The Fourth Crusade and the Sack of Constantinople
Jonathan Phillips sees one of the most notorious events in European history as a typical ‘clash of cultures’.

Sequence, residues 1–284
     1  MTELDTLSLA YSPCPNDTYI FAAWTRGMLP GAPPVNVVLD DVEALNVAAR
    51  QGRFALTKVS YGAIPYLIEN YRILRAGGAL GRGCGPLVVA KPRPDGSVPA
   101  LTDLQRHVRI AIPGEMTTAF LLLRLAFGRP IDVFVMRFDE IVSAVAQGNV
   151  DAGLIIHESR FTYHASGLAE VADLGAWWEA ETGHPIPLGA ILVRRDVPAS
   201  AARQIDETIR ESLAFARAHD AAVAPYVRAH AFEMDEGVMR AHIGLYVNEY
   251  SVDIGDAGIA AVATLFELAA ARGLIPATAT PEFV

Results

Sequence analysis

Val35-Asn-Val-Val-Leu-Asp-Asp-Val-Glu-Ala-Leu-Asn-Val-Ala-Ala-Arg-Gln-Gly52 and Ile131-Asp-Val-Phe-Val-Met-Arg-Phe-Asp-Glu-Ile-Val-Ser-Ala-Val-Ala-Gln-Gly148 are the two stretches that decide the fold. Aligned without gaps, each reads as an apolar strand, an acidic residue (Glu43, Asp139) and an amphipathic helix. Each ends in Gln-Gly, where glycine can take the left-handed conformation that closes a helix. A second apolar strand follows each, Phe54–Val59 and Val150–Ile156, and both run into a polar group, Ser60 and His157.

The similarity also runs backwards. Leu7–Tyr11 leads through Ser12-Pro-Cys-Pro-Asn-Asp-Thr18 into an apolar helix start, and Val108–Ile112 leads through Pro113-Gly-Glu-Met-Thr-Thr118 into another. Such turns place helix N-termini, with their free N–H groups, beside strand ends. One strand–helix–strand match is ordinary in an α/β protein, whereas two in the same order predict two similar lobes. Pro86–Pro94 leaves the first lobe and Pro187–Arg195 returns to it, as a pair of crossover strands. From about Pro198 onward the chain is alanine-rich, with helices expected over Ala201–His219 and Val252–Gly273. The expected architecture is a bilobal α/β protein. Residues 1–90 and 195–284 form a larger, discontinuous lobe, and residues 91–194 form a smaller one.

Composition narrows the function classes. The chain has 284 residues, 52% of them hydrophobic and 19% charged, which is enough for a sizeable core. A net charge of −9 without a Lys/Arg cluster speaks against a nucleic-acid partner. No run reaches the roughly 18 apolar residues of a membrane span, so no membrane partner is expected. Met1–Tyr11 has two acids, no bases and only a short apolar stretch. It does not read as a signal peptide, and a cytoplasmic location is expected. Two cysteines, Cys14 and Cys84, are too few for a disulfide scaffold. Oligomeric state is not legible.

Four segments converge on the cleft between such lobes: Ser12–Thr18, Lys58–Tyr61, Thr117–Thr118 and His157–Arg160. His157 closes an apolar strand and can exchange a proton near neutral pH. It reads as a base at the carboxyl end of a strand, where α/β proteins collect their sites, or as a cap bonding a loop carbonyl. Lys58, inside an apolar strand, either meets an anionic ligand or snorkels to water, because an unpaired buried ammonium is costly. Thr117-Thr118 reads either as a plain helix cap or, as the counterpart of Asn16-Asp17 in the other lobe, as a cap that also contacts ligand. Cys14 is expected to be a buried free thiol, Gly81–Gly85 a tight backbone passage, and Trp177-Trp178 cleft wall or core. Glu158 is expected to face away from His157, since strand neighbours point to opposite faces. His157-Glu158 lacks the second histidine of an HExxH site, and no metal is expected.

The capture of Constantinople by the armies of the Fourth Crusade was one of the most remarkable episodes in medieval history. One of their number wrote, ‘No history could ever relate marvels greater than those as far as the fortunes of war are concerned’. On April 12th, 1204, an army of perhaps 20,000 men and a fleet of about 200 ships crewed by Venetian sailors and warriors, broke in and began to loot the greatest metropolis in the Christian world. Constantinople’s mighty walls had resisted numerous onslaughts as the Avars, Persians and Arabs had tried to assail its defences over the centuries. Yet always ‘the queen of cities’, as the Byzantines described their capital, had survived. What had brought the crusaders to attack their fellow Christians and how did they manage to succeed? The crusaders understood their success as a manifestation of God’s will. One commented, ‘There can be no doubt that the hand of the Lord guided all of these events’.